Images from the medieval world

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I am running a series of daily image trailers on Twitter prior to an illustrated talk that I am giving at Downham Market Library on Monday 11 December, 2-3pm.

A lot of the research I undertake for my historical fiction involves images, objects, places and maps.

To celebrate the publication of my latest novel, The Drowned Court, I will present some of these fascinating images in the talk. I aim to show how I use them to help me write and how some of these objects, faces and places have found their way into my fiction.

Booking for the talk is essential on 01366 383073. (Tickets £3, includes refreshments.)

The images above are: Statue of the Virgin, Albi Cathedral, France; December from a Book of Hours; Locust in a manuscript; the Witham Pin in the British Museum. Follow me on Twitter for more images over the next week.

Palaces and bishops

Thank you to Pembroke Dock Library for such an enjoyable event last week when I presented my new novel, The Drowned Court, and talked with the audience about medieval life and the process of writing historical fiction. And thanks too, to Bob, my ‘muse’, for driving me around Pembrokeshire again, so that we were able to tread in the 12th century footsteps of Nest ferch Rhys and her husband Gerald FitzWalter.

 

St Davids Bishops Palace cropped
Bishop’s Palace, St Davids

We visited the splendid Bishop’s Palace at St Davids where Nest’s son was bishop, and the vast Bishop’s Palace at Lamphey (after a very fine lunch at Lamphey Hall).

Lamphey Bishops Palace
Bishop’s Palace, Lamphey
Lamphey Bishops Palace drawing
Artist’s impression of the 13th century Bishop’s Palace at Lamphey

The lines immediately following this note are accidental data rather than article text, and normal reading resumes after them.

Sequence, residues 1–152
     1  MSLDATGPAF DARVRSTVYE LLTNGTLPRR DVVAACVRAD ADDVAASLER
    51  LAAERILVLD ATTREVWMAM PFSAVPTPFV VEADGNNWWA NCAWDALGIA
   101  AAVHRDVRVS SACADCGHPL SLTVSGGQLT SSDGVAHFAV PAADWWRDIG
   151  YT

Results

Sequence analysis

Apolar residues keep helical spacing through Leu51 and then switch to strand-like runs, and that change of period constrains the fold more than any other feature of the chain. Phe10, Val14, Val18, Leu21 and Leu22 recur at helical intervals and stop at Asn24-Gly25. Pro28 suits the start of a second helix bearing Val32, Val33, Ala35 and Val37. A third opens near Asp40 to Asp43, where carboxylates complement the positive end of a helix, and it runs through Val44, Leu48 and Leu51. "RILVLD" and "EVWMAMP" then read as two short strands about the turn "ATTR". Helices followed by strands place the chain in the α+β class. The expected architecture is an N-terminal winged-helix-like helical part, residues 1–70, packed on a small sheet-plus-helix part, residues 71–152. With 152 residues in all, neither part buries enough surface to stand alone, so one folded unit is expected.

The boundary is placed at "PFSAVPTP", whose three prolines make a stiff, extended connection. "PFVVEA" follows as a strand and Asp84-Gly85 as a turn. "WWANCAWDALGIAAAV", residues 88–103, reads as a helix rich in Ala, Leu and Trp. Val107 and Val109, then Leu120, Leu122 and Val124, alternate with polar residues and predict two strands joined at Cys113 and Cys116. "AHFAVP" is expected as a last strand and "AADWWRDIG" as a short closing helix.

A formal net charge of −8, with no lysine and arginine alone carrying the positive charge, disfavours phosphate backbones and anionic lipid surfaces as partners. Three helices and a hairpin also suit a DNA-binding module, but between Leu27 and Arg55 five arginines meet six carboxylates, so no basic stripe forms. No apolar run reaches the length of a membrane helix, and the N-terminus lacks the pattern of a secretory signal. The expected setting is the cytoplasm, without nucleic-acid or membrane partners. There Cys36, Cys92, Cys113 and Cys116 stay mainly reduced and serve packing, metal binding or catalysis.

The massive corn barn at Lamphey Palace stored a huge amount of grain which the Norman overlords took in taxes from the Welsh tenant farmers. The palace’s dovecote, deer park and four ponds supplied the bishop with meat and fish, and three orchards provided apples, and cabbages and leeks for his potage.

The Bishop’s Palace at Lamphey was where Nest’s wily husband Gerald FitzWalter left a faked letter tricking the Welsh attackers of Pembroke Castle into believing that he had plenty of troops and supplies to defend the castle when, in fact, most of his men had deserted and he had no food at all. The ruse worked and he was the only Norman lord who managed to hang on to his toehold in south west Wales during that round of attacks by the Welsh.

The date of my illustrated talk at Downham Market Library has been changed to Monday 11 December, 2-3pm. Booking essential on 01366 383073. (Tickets £3, includes refreshments.)

 

Hnefatafl -Viking boardgame

Hfentafl

Since characters in Dublin who appear in my novel trilogy, Conquest, play the Viking boardgame, hnefatafl, I was excited to see a 9th century set of glass pieces from the game in a fabulous exhibition of medieval glass at the Cluny Museum in Paris this week.

I am giving illustrated talks on the Conquest novels

at Downham Market Library on 27 Nov.

Booking essential.

Library Talks – Historical Fiction

The Drowned CourtMy new historical novel, The Drowned Court, is published tomorrow by Impress Books. It covers the years 1107-1121 and focusses on the tumultuous lives of the Welsh princess, Nest ferch Rhys, and the Norman king, Henry I.

I am giving a number of library talks in November in Norfolk and Pembrokeshire to celebrate the new book:

Mon 13 Nov 11am Pembroke Dock Library. Free event.

Mon 27 Nov 2pm Downham Market Library, Priory Road, Downham Market, PE38 9JS. Illustrated talk, £3 including refreshments. Booking essential on 01366 383073.

My guest blogpost on writing the book is published on The Writing Desk.

History Questions

800px-Bertrada_Fulko-Berta